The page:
Frank Costanza: Let me understand, you got the hen, the chicken and the rooster. The rooster goes with the chicken. So, who's having sex with the hen?I'll take it a bit further. "You got your LesbianGayBiTrannie ... which one is SSA?" Like Susan's dad, I answer, "They're all queer. Some just don't have sex." Or something like that - but you get the idea.
George Costanza: Why don't we talk about it another time.
Frank Costanza: But you see my point here? You only hear of a hen, a rooster and a chicken. Something's missing!
Mrs. Ross: Something's missing all right.
Mr. Ross: They're all chickens. The rooster has sex with all of them.
And that, people, is one more reason why gay people hate me.
Reading gay-Catholics is helpful in understanding some of the problems they still have in understanding Catholic teaching. It also helps explains how non-gay Catholics seem to be second guessing themselves, Church teaching, pastoral care of homosexual persons, mean Pope Ratzinger, and same sex marriage issues. Joseph Bottum's about face comes to mind - followed up by his explanation for that here: "What’s changed is my encounter with young people, or what has changed me is my encounter with young people. My reading of the rising generation of Catholic bloggers…these are 20-somethings. They’re out of college, they’re serious Catholics […] and they’re saying, “Look I understand the theology and I accept the theology but I have a phenomenological crisis, because here in front of me are these people who are growing […] to see the Catholic Church as the image and the focus—to use a literary word, as the synecdoche—for all oppression of homosexuals.” There are bishops and priests and many Catholic spokesmen who agree with him as well.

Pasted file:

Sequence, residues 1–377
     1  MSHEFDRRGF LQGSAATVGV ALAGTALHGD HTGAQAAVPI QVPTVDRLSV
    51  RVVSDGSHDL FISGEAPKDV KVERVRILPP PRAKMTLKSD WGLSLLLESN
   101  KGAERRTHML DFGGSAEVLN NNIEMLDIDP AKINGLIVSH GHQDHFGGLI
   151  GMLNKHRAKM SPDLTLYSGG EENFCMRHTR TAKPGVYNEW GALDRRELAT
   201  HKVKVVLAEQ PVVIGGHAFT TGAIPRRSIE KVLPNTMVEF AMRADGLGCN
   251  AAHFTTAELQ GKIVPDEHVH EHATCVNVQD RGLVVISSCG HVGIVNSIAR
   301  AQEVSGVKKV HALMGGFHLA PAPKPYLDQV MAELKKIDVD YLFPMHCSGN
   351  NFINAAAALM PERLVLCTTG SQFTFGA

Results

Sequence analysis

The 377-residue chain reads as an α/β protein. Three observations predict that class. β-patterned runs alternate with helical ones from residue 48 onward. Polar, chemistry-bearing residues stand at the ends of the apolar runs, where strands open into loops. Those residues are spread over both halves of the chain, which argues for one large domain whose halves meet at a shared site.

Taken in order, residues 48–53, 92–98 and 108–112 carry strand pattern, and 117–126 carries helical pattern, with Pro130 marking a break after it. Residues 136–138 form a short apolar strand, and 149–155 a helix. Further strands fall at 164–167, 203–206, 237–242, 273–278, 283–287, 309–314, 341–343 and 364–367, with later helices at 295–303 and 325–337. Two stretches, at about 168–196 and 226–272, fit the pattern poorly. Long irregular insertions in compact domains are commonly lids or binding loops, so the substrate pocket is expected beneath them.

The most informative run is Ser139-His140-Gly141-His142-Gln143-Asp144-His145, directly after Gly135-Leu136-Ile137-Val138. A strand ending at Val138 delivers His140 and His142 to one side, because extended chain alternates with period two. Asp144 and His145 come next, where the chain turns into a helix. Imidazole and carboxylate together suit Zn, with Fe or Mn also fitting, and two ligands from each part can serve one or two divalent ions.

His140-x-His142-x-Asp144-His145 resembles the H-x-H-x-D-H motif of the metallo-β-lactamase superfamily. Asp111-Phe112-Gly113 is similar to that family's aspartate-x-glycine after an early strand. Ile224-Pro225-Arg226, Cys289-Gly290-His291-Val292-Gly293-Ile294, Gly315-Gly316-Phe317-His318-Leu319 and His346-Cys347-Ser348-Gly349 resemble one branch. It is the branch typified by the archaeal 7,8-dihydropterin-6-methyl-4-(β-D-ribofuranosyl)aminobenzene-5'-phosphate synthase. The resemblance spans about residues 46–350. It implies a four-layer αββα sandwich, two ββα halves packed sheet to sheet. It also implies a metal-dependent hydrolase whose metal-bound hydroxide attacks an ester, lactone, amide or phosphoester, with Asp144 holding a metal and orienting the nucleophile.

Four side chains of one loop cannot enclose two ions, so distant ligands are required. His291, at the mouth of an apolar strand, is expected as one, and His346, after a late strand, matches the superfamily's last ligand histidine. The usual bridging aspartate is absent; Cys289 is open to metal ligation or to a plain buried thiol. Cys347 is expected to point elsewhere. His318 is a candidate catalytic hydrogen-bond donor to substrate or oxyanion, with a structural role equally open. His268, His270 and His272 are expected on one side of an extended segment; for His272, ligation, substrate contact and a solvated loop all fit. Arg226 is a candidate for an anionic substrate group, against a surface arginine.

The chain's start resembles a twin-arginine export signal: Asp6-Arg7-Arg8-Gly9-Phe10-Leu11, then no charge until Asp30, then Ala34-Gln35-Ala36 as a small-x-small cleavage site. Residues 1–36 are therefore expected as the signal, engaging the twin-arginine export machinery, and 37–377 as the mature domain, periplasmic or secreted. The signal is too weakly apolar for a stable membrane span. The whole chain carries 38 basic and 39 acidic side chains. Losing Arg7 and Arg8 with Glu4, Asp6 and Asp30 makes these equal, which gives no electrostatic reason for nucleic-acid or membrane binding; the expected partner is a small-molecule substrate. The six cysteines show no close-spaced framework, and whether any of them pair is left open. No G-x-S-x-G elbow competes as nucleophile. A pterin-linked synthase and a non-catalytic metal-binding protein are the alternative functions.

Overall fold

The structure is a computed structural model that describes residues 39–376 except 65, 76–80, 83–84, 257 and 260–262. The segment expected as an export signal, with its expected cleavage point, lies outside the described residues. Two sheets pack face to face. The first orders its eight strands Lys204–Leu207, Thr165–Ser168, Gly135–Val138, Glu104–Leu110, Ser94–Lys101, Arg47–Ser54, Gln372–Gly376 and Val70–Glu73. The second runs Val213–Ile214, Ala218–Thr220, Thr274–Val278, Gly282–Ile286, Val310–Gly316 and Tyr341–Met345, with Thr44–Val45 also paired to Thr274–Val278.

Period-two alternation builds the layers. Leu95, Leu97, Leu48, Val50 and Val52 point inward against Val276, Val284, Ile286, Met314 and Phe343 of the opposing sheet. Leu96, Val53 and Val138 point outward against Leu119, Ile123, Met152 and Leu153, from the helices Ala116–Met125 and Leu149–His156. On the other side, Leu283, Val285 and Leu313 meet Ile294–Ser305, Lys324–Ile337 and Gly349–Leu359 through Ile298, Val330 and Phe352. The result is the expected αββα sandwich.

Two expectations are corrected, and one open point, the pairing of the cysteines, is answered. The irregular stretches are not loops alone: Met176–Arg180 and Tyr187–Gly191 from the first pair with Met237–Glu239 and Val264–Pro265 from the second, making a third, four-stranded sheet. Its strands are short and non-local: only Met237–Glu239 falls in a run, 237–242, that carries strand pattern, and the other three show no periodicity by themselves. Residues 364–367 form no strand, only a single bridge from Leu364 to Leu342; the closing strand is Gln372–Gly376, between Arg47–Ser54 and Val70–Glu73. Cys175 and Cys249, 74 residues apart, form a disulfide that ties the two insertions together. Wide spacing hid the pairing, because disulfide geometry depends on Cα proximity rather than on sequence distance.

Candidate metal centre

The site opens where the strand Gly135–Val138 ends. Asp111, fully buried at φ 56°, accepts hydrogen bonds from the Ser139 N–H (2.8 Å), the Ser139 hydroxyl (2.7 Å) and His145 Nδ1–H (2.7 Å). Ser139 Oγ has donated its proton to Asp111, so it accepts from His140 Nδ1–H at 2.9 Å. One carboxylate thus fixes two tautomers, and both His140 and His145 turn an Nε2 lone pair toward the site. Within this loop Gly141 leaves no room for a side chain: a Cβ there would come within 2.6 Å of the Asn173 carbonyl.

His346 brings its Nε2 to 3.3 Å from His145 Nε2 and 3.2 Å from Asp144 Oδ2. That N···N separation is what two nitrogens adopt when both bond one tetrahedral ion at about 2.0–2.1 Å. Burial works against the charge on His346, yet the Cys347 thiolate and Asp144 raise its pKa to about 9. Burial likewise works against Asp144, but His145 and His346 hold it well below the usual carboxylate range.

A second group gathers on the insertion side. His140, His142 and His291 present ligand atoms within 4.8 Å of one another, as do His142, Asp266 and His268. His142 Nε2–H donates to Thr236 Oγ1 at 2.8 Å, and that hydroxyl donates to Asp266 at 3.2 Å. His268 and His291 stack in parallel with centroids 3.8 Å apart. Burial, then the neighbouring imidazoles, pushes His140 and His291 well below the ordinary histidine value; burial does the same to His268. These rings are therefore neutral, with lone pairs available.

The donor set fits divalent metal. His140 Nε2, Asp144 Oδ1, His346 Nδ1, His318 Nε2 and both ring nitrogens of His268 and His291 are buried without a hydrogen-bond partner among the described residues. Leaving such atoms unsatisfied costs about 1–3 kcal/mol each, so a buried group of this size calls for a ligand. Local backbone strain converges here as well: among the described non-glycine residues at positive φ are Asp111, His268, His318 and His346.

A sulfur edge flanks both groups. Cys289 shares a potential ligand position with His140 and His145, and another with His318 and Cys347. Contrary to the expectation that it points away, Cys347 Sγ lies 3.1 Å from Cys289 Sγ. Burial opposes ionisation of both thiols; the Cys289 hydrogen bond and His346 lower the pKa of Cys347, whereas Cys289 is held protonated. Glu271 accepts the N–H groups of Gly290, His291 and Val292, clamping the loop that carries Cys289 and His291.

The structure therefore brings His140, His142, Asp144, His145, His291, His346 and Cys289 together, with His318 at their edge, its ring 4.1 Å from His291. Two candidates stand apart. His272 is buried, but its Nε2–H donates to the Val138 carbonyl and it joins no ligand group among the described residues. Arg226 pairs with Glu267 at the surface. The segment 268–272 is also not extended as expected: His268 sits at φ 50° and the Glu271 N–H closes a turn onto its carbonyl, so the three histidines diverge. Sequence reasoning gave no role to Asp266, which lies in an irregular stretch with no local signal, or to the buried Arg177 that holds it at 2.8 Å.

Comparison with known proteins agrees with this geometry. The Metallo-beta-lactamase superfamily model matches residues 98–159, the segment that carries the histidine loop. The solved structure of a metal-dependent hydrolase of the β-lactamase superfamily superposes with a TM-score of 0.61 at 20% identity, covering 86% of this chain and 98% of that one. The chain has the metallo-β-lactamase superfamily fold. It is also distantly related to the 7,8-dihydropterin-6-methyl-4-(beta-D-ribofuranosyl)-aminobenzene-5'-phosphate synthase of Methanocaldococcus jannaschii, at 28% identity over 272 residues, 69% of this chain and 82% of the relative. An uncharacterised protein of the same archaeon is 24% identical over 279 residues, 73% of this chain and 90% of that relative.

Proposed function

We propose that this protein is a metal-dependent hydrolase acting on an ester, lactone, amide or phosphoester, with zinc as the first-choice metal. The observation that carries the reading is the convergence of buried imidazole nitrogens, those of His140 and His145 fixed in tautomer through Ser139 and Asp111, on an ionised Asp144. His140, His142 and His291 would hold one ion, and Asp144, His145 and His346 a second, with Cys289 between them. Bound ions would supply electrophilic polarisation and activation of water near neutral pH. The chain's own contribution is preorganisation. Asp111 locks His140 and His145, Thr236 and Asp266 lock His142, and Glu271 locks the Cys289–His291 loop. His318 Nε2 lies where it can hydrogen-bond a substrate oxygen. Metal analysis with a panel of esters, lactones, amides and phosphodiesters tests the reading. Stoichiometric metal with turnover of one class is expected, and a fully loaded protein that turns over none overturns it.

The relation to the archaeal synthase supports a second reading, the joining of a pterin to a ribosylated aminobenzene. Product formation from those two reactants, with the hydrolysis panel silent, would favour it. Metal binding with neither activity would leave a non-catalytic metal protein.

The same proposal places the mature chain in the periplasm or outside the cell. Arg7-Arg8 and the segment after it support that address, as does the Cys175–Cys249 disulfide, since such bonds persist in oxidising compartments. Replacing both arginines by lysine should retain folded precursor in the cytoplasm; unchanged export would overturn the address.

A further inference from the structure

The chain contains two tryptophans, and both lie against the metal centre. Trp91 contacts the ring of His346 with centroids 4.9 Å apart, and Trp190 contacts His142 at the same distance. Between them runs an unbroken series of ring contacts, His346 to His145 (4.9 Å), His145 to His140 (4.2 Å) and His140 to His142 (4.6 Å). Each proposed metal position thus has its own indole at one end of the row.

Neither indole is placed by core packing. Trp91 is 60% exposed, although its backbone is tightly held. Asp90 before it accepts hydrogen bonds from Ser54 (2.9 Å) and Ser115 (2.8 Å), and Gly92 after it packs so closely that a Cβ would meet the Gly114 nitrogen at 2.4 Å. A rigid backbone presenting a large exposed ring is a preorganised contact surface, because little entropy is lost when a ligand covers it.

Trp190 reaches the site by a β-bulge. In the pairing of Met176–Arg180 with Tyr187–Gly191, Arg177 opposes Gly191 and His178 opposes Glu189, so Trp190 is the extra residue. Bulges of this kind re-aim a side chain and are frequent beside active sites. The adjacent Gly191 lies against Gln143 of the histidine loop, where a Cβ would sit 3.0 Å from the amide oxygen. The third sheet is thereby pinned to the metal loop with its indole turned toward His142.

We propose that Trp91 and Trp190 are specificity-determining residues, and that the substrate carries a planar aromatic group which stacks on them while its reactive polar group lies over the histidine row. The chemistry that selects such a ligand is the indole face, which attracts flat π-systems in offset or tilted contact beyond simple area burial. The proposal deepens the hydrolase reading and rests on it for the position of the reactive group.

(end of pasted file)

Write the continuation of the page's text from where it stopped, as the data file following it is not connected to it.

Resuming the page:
Then there are those well meaning advocates who believe a new approach to homosexuality is needed.
If we are going to save our culture, it is important that Christians change their approach toward homosexuality. Fighting the GLBTQ (Gay, Lesbian, Bisexual, Transgender, Queer) agenda in the legislatures and courts will not succeed as long as the GLBTQ activists define the debate. We must treat same-sex attraction and sexual identity disorders (the so-called transgendered and queer) as what they are—preventable and treatable problems.
Such a change in attitude has happened before with alcoholism and abortion and needs to happen again. - CrisisAs I wrote to a friend: "Good article - or well-intentioned. I've thought along these lines as well - but it would be opposed by gay activists all the same - 'preventable and treatable' are red flags even to the most faithful 'gay-Catholic'. The author mentions Dr. Nicolosi and most 'gay-Catholics' despise him and his research - NARTH - 'gay-Catholics' totally reject his stuff, as well as Courage Apostolate. Which, BTW, is 'new' in the Church - it's been tried and is true - rejection of the Apostolate suggests to me at least, a certain elitist resistance. Resistance to the idea of homosexuality as a 'preventable and treatable problem' is pervasive and strong - precisely because the 'gay-Catholic' movement wants to keep the gay identity thing and 'sanctify' it."
... to be continued.